This is the first report in ODI’s Economic Pulse series. It explores China’s international economic response to Covid-19 and analyses its international engagements, especially in developing countries, in light of shifts in the global economic and political landscape. Our review of China’s economic response has an international focus due to the nature of the macroeconomic data, while project-level data and a policy review drill down into the effects of that response on developing countries.
On Thursday 29 of October at 16:00 pm (CET) we hosted a webinar event in cooperation with OECD on multilateral development finance in response to the COVID-19 crisis. The webinar investigated the dynamics of the Multilateral Development Finance framework in the wake of COVID-19, and made concrete recommendations on the most effective and impactful ways forward.
COVID-19 has led governments across the Middle East and North Africa (MENA) to take a number of measures to battle the pandemic. Many of these actions directly related to religious practices such as the cancelation of the Hajj pilgrimage to Mecca, closing down mosques and amending the call to prayer from the usual “hayya alas-salah” or “come to prayer” to “salu fi buyutikum” or “pray in your homes”.
Populism has revealed one of its weaknesses, by displaying particularly ineffective crisis management. However, it is not clear that populism will be politically unsuccessful in the post-corona future. The ability of populists to mobilise supporters, to concentrate powers and to spread a narrative of the crisis aligned with their nationalist and authoritarian ideology should not be underestimated. They could show resilience by relying on a broader anti-globalist narrative, conspiracy theories and polarization.
While the 2008/2009 global economic crisis had many negative consequences, one positive effect was that it massively accelerated international cooperation on tax matters. This is the kind of impetus that we also need for tackling the Covid-19 pandemic. The focus is not on generating more revenues, but rather primarily on achieving greater equity in the way that revenues are generated. This requires more public discussion of fair taxation. After all, the way that resources are mobilised and deployed to tackle the crisis will also have an impact on state legitimacy and social cohesion.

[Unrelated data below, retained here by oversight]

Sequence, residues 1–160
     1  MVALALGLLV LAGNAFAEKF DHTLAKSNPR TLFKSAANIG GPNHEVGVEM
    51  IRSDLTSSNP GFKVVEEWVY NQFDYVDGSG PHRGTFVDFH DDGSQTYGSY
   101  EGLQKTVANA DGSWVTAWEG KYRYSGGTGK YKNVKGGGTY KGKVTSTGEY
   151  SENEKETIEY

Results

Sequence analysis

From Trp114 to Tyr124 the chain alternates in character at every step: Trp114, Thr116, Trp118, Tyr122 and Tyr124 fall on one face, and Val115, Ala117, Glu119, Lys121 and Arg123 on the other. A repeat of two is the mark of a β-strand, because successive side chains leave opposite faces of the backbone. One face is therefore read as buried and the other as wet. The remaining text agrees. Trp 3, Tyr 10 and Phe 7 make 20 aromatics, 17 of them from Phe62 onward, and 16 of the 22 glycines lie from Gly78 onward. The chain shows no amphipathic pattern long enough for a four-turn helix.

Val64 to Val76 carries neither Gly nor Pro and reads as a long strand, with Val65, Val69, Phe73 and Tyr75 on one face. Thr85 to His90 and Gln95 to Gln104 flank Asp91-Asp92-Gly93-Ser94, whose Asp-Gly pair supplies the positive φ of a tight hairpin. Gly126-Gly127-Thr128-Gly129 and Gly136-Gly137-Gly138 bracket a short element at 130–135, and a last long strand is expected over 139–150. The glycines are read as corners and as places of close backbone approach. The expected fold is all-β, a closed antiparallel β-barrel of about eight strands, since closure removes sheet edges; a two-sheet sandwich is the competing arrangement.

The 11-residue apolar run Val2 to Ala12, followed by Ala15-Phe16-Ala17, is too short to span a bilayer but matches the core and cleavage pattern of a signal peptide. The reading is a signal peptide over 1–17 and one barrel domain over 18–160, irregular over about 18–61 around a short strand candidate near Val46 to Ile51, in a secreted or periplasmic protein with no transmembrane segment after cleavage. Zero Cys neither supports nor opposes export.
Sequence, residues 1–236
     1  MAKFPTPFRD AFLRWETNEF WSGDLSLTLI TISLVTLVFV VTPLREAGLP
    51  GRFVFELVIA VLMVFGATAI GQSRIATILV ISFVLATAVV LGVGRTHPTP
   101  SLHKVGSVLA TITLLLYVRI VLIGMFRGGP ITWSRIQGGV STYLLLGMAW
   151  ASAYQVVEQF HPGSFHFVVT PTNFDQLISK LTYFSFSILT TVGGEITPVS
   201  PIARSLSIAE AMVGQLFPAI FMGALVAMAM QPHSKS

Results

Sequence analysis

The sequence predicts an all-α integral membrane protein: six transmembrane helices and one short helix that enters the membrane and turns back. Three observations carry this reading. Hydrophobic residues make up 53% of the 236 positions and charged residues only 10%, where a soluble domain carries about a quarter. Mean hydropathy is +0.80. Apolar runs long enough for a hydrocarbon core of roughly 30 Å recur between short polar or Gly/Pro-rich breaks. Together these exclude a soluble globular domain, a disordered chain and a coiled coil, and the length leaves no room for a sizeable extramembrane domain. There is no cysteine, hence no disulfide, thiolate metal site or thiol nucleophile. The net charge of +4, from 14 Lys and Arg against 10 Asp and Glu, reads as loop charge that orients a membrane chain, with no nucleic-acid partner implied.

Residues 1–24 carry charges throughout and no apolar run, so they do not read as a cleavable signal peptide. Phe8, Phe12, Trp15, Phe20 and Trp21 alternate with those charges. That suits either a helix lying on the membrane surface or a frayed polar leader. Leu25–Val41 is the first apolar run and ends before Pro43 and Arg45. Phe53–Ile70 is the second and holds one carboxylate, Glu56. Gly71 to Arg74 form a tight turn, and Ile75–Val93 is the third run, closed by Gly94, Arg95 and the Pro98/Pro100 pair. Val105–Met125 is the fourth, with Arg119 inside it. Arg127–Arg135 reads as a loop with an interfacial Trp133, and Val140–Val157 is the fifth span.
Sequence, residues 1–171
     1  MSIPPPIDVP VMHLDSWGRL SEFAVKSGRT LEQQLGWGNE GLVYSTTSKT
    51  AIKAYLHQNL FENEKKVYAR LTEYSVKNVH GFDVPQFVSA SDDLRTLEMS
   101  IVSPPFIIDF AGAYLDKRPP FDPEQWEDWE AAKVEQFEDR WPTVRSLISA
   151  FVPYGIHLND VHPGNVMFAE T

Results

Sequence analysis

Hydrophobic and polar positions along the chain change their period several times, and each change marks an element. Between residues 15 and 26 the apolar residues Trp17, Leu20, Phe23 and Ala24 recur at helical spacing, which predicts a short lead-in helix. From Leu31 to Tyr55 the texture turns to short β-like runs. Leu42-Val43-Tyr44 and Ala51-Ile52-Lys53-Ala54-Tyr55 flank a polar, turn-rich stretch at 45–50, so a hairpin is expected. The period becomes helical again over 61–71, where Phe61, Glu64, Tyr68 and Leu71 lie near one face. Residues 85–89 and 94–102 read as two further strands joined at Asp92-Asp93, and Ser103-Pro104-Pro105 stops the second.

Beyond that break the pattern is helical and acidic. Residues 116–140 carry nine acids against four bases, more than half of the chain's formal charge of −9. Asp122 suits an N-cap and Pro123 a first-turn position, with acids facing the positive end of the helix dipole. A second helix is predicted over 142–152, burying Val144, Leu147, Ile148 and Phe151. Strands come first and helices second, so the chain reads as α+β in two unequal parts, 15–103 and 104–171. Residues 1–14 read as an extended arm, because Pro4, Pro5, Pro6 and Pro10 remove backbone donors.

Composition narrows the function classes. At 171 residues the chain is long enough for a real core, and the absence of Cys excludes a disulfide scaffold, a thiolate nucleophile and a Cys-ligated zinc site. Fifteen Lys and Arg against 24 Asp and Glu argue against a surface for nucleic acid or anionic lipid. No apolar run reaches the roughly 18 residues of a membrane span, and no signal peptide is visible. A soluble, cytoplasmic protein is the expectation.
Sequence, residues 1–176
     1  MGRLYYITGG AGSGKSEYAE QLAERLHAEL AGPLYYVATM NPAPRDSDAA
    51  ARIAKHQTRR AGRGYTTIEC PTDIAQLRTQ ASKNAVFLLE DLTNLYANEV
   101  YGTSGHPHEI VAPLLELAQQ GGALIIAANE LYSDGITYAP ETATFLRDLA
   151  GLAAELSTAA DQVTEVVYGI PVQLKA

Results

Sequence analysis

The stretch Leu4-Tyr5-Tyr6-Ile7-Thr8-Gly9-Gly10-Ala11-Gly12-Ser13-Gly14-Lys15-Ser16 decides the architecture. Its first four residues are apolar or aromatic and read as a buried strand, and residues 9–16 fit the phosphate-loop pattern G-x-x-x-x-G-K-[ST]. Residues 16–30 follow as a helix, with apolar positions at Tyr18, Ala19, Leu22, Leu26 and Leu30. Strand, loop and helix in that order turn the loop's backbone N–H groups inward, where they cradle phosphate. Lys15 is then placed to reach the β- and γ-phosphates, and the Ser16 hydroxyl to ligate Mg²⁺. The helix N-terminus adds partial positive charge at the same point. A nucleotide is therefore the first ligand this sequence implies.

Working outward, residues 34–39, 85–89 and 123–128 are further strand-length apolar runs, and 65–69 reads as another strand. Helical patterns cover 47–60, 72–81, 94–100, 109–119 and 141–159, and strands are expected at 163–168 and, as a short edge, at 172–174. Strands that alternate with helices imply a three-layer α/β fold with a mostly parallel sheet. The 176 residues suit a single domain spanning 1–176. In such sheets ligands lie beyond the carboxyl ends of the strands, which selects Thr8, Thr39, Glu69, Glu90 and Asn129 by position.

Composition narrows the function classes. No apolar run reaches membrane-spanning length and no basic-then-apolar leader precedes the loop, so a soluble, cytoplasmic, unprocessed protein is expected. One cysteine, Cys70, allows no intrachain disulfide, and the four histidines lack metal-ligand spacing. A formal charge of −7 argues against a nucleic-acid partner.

The EU is putting forward the idea of a COVID-19 marker on aid data to track the unprecedented mobilisation of resources to tackle the crisis globally. Rather than such a marker, the EU should consider supporting more sustainable and technologically-savvy approaches to ensure much needed transparency and accountability. The EU could back a number of other initiatives that are likely to better meet information needs, strengthening data ecosystems in developing countries and improving global reporting during and beyond the ongoing crisis.
There is not a ‘one-size-fits-all’ solution to respond and recover from the current global health emergency and economic fallout resulting from COVID-19. A combination of pragmatic solutions is needed to face the debt issue and give countries room to make the policy choices and investments that will also lay foundations to recover, putting people and nature at the heart of economic growth and development.
Media coverage of the Covid-19 pandemic has raised the profile of armed groups in curious and often contradictory ways. ODI’s Centre for the Study of Armed Groups will seek to address these challenges in several ways.
The years preceding the health crisis linked to the Covid-19 pandemic, marked in particular by the oil counter-shock of 2014 and the signing of the Paris Climate Agreement of 2015, saw the emergence of (weak) signals of diversification of the activity and investment of certain oil companies—essentially the European majors—towards low-carbon energies. While these announcements could have a knock-on effect on the sector, they are still very insufficient in view of the effort required to initiate a rapid and profound transition of the sector towards decarbonisation,2 and are contested by several civil society actors.
The Covid-19 virus has caused a convulsive shock to the global economy. There remains considerable uncertainty around the pathway of the pandemic, the means and speed of any economic recovery and what structural changes – particularly to the globalisation of trade and capital – it will bring in the longer-term.